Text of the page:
ON THE MESA

At night, in these mountains
you see a million stars, but
all you hear is the silence.
It bothers you, this silence
and you strain to hear, what?
There is no one here but you
and your breath is swallowed
by the night sky. Be still
for the wind will rise,
and these mountains
and these trees herd us
into ever smaller spaces
as we have been herded
for generations, we
will gather as we ride
among the peaks and down
into canyons, listen
carefully, for inside
the wind we dance around
your ears, our songs faint.
As the full moon rises
slowly over the mountain
listen carefully
you will look for us
but we cannot be seen.
You will hear our song
dancing across this mesa,
one voice to another.
You will imagine us
coyote, you will feel a chill
along your spine
and we will fall silent.
The stars will smile
for they know our stories
but to you we are
simply, the songs of coyotes.
Listen to our voices
we will tell you of the land
of the grasses once here
where our herds grazed,
now gone to endless sage.
As we lick at your face
taste the tears
which have watered
this now arid soil.
Look at the flowers
pushing out of the sand
and rock, see our faces
in the stones about your feet.
You may return to your homes
and pull your comforters
around your chins, hiding
from the night’s chill,
but we shall remain
among these peaks, in
these canyons
for another ten thousand moons.


First appeared in Erothanatos, Vol. 3, No. 3, July 2019

MIND THE GAP

The difference between love
and lust is as thin as the blade
of a fine razor, as broad as
the Rio Grande Canyon outside Taos,
so how can you tell one from the other?
Some will say it is an impossible task
others will take the “I know it when
I see it” route leading nowhere.
There is no easy answer, certainly,
but those who have tasted love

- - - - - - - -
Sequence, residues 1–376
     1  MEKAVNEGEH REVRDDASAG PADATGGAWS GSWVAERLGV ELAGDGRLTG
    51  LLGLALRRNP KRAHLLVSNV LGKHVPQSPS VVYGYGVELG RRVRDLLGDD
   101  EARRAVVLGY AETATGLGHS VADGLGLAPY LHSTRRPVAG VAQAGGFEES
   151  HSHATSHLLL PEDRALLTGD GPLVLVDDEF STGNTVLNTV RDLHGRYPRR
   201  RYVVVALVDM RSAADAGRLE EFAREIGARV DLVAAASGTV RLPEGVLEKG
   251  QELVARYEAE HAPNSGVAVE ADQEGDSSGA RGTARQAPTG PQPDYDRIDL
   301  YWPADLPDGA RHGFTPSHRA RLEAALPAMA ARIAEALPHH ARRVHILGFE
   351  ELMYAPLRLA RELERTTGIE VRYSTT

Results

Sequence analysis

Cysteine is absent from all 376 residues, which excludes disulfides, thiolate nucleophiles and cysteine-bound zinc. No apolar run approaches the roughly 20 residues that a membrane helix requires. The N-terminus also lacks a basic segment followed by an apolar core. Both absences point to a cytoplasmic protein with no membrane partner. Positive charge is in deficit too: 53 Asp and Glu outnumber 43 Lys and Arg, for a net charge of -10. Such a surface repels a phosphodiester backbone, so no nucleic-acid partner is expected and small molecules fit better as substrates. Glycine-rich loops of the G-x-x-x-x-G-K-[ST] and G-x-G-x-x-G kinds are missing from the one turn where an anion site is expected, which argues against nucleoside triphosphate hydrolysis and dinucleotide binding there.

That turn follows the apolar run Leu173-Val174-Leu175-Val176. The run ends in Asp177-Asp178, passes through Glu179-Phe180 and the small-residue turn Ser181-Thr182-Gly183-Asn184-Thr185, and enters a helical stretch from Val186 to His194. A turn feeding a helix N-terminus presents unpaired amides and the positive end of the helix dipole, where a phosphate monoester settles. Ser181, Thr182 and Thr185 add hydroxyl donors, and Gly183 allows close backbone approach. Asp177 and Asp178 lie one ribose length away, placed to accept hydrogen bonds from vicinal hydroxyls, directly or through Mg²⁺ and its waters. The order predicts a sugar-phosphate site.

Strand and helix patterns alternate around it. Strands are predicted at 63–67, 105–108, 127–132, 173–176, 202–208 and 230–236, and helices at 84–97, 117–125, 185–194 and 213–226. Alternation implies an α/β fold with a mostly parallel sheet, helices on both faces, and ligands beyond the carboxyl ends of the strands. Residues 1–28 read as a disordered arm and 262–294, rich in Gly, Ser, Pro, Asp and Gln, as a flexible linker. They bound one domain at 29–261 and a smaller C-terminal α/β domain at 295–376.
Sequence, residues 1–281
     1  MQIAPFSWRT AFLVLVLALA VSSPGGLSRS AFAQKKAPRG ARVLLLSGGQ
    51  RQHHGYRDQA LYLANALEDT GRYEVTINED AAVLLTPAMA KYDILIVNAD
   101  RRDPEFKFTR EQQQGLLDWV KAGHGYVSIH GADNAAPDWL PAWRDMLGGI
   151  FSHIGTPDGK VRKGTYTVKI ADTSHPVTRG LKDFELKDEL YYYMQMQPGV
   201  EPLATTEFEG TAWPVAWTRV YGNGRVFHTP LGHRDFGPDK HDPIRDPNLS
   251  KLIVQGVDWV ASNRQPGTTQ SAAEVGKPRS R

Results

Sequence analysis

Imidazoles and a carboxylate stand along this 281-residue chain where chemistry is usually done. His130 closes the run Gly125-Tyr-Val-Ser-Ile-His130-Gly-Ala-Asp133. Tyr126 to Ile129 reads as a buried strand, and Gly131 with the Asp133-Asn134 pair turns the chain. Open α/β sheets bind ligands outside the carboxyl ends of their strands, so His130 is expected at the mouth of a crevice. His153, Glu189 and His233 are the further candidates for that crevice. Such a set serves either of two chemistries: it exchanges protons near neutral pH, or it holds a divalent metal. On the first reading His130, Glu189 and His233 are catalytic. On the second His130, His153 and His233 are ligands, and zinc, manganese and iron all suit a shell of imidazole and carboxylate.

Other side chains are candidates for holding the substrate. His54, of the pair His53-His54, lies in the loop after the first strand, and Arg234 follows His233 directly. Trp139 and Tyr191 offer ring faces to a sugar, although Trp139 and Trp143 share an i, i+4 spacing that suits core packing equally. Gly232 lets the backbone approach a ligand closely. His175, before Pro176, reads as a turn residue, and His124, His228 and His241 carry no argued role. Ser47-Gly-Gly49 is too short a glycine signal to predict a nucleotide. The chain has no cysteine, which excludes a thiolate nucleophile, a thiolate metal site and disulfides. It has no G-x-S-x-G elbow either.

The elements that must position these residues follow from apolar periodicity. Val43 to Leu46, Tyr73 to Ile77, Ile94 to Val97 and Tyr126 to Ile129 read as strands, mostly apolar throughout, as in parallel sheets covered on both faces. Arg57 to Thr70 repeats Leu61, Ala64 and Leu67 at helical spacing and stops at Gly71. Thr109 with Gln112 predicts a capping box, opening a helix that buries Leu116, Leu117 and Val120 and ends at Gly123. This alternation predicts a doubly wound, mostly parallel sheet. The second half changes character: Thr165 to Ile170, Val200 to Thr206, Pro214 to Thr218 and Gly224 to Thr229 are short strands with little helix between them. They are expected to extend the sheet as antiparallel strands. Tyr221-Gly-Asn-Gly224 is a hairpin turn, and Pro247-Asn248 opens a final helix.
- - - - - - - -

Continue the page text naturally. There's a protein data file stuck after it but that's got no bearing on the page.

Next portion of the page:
will tell you the difference is
monumental and elemental.
I have wanted a woman deeply,
cared for her, missed her in her absence
but when my love, my lover, is
not here I am incomplete, and
that is an abyss into which I dread falling.

CHORUS

The man sits, waiting patiently
for the wolf to arrive. It has
been far too long, this wait,
as the Wolf has his lair in
the distant mountain, and
has little use for the people
in the city, in the place
where the man sits waiting.
The man is sure they met once,
although he is now beginning to
wonder if it was simply coyote
assuming the shape
of his lupine imagination.
The man cannot or will not say
why he wishes to see the Wolf,
it is enough for him
to have the desire, and he knows
that once wolf arrives,
he and the Wolf together
will sing a piercing
song to the moon.

COYOTE SONG

Down at the butt end
of the arroyo is a pond,
an aneurysm in the stream
that runs down from the mountains
for better than a month
each spring.
The twisted, gnarled mesquite
cluster around it,
like children gazing at a corpse
in utter fascination
who dare not approach
lest it become real and touch them.
The three scrawny goats
nibble at the mesquite
and stare at themselves
on the surface, occasionally
dragging their tongues
through the water.
Each night as the sun
is swallowed by the earth,
their songs begin
until the gods arise
from the water
and dance
across the parched ground.

HOW IT IS

 

I came down out of these mountains
once, emerged from clouds that built,
blackened the sky, bleached
and were gone, I slid on snow pack,
I came down into the sage and piñon,
lit my fires and purified myself.
I ran with jackrabbits, imagined
bears were coyote, coyotes cats
that might curl in sleep
around my feet.  I dug
for water, turned parched ground
to straw with prayer and dream,
baled my dreams and straw
and stacked them neatly,
plastered them over and huddled
within, I ran wires to the mountain gods
and drew their power, I stole the light
of a thousand stars, darkened the moon
and now I am chindi, rejected by
my spirit kin, left to wander the mesa.

CHINDI

They come down from the hills
long after the sun
retreats beyond Tres Piedras.
In the moonless sky
they creep around the pinyon,
nestle the sage that
blankets the mesa, stare
at the scattered homes
that dot the half-frozen soil.
They are orange flames
compressed inside orbs
paired, they approach
here one set, there another.
The wind whistles through
the Rio Grande Gorge
here a mere whisper.
The wild rabbits perk,
fly through the sage
in lupine terror.
One brays to the stars
and inside the house
the fur on the cat’s back
bristles. It’s just a coyote,
he says, nothing
to be afraid of here.
At night, they say,
this land is once again
ours, and we hold
the key to the human prison.